• Research on the incidence and prevalence of reverse prejudice and PPTP in clinical nursing settings.
  • Discussion of the ethical aspects of scenarios where nurses are treated with disrespect and rejection by patients.
  • Identification of effective responses when situations of PPTP occur from patients.
  • Formation of policies that explicitly address PPTP toward nurses in the workplace.
  • Research on reactions and support/ no support from colleagues (nurses, physicians).

Several studies (see reference list) have documented that medical and nursing students are especially vulnerable to PPTP and reverse prejudice—not only from patients but classmates and instructors. Other work (for example, by Wheeler and colleagues) has identified situations where colleagues were either the impetus for disrespectful behavior or passive observers. These issues are equally important since they give rise to ethical concerns around professionalism and power differentials—and they often involve relationships that cannot be terminated or exited. A separate body of study should examine these challenges as well.

Awareness of the painful and destructive consequences of racism and other forms of discrimination is at a crescendo. Nurses are now in a position to be part of an international dialogue that questions the acceptability of continued silence or unified action on an ethical challenge that has the potential to damage the lives of both individuals and the profession at large.

Cheryl Dellasega is a professor in the college of medicine, Doerthe Adriana Andreae is a physician for Penn State Health, and Robert Boesch is a vice president of surgical services in Hershey, Pennsylvania.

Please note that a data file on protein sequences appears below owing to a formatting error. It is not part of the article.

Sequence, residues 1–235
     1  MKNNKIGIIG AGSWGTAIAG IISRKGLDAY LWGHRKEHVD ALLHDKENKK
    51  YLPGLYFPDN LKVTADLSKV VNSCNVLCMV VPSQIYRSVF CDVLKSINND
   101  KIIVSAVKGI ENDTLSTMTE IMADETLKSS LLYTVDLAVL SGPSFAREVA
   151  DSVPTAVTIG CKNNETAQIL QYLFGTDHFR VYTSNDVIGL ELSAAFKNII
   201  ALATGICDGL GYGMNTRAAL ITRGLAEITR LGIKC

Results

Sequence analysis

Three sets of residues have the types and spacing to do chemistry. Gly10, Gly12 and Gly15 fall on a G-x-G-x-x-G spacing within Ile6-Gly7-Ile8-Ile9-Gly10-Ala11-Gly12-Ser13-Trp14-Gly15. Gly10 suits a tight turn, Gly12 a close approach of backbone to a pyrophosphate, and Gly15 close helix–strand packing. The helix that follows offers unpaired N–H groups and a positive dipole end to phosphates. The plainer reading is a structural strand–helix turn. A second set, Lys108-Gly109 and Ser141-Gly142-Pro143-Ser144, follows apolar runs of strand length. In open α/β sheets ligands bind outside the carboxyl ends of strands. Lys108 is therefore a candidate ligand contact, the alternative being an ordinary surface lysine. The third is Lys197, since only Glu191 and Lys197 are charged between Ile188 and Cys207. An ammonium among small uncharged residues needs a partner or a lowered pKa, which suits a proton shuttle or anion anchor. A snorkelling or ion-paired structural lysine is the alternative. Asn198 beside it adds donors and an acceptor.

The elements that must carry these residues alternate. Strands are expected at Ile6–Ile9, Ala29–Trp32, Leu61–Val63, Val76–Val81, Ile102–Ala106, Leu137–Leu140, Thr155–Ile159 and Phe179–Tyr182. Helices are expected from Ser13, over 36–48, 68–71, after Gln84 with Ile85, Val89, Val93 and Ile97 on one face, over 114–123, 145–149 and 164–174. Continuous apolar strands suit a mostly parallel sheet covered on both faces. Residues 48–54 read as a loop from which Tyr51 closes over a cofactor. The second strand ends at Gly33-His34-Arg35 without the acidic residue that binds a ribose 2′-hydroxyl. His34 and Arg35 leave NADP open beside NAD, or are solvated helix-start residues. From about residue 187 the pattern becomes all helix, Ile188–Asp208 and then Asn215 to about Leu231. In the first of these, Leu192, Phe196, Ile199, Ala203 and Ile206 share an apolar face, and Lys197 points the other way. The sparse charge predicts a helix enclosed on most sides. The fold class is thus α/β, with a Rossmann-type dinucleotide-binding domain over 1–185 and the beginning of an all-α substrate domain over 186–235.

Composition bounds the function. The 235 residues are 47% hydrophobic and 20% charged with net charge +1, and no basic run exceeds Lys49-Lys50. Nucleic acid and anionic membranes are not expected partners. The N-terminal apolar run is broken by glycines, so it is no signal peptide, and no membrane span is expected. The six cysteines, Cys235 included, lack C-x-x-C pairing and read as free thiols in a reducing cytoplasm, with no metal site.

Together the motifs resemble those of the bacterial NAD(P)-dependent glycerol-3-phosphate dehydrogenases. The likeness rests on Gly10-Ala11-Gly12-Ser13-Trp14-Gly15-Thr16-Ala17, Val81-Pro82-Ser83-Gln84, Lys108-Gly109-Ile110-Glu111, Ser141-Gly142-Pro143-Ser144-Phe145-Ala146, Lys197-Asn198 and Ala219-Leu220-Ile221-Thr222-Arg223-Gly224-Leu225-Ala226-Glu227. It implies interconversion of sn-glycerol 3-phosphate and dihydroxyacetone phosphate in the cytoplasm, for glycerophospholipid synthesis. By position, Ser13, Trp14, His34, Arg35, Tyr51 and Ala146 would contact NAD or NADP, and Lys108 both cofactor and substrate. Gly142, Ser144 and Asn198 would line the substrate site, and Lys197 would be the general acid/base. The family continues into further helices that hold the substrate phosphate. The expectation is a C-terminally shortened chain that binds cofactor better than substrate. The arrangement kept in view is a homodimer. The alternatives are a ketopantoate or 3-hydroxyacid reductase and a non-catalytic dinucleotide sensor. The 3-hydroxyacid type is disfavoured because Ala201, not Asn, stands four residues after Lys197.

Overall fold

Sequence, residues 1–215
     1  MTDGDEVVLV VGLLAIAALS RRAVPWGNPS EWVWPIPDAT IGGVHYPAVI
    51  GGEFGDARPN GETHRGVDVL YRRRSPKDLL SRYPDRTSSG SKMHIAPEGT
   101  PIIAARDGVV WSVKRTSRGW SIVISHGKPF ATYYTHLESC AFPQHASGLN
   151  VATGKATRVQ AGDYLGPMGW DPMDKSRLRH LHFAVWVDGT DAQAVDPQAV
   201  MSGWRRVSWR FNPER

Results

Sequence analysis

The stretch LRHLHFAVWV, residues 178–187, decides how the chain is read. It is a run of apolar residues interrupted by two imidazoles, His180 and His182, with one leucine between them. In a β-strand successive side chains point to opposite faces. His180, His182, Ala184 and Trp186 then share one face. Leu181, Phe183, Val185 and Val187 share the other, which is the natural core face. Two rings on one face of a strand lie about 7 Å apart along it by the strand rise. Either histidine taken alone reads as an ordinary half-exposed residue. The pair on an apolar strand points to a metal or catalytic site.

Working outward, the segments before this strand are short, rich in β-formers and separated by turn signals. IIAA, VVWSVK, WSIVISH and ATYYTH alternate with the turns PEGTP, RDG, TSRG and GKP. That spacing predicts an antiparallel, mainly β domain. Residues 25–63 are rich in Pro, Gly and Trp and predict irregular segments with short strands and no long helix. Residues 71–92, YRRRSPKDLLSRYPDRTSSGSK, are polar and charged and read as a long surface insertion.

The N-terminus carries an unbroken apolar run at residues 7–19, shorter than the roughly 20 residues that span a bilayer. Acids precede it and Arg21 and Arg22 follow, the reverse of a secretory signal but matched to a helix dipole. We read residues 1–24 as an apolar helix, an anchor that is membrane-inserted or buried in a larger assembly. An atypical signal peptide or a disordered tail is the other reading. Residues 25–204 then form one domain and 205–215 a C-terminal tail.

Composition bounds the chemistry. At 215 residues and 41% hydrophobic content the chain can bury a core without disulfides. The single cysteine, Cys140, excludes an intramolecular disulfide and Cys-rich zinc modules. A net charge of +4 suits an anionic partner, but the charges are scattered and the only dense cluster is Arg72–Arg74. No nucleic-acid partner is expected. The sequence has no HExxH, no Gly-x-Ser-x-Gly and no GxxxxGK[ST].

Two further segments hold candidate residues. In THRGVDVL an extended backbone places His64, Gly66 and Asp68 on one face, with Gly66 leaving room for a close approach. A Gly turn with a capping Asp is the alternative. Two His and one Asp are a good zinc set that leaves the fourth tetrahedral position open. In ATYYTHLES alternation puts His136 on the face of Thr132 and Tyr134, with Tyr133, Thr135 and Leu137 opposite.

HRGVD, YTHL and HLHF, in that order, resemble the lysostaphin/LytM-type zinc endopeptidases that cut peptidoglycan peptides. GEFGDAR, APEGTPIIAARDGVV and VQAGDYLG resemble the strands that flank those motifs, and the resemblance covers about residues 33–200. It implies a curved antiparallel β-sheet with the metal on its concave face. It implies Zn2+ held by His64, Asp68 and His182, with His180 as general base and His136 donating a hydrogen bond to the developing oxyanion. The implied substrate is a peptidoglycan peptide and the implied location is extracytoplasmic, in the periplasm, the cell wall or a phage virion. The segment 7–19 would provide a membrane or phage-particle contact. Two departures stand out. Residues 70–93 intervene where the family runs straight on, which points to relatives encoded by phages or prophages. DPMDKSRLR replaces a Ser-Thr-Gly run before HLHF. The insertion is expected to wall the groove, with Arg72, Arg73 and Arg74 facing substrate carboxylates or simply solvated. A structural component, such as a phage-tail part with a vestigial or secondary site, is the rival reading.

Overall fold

References

Andreae DA, Sood N, Dellasega C. Patient Prejudice toward Providers. Poster presentation at the Junior Faculty Development Program, Pennsylvania State University, College of Medicine, Hershey, PA. 2018.

American Nurses Association. The nurse’s role in addressing discrimination: Protecting and promoting inclusive strategies in practice settings, policy, and advocacy. Revised position paper. 2018. nursingworld.org/~4ab207/globalassets/practiceandpolicy/nursing-excellence/ana-position-statements/social-causes-and-health-care/the-nurses-role-in-addressing-discrimination.pdf

Dellasega C. Toxic Nursing, 2nd ed. Indianapolis: Sigma Theta Tau International; in press.

FitzGerald C, Hurst S. Implicit bias in healthcare professionals: A systematic review. BMC Med Ethics. 2017;18(1):19.

Haider AH, Schneider EB, Sriram N, Scott, VK. Unconscious race and class biases among registered nurses: Vignette-based study using implicit association testing. J Am Coll Surg. 2015;220(6):1077‐1086.e3.

Morrow M. In nurses we trust. Nurs Sci Q. 2018;31(1):95-96.

Orom H, Semalulu T, Underwood W 3rd. The social and learning environments experienced by underrepresented minority medical students: A narrative review. Acad Med. 2013;88(11):1765‐77.

Pariona‐Cabrera P, Cavanagh J, Bartram T. Workplace violence against nurses in health care and the role of human resource management: A systematic review of the literature. J Adv Nurs. 2020;76(7):1581-93.

Perry SP, Hardeman R, Burke SE, Cunningham B, Burgess DJ, van Ryn M. The impact of everyday discrimination and racial identity centrality on African American medical student well-being: A report from the Medical Student CHANGE Study. J Racial Ethn Health Disparities. 2016;3(3):519‐26.

Smith CM. Origin and uses of primum Non nocere —Above all, do no harm! J Clin Pharmacol. 2005;45(4):371-77.

Webb Hooper M, Nápoles AM, Pérez-Stable E.J. COVID-19 and racial/ethnic disparities. JAMA. May 11, 2020.

Wheeler R, Foster J, Hepburn K. The experience of discrimination by U.S. and internationally educated nurses in hospital practice in the USA: A qualitative study. J Adv Nurs. 2014;70(2):350-9.

1 COMMENT

  1. Excellent subject! This has happened to me several times in my 53 year nursing career opposed to many patients requesting my care. I clinically teach at a community college and patients have refused a student. I quickly changed the assignment and counseled the student.
    I would like to hear more of this. Interesting I have never seen this subject breached.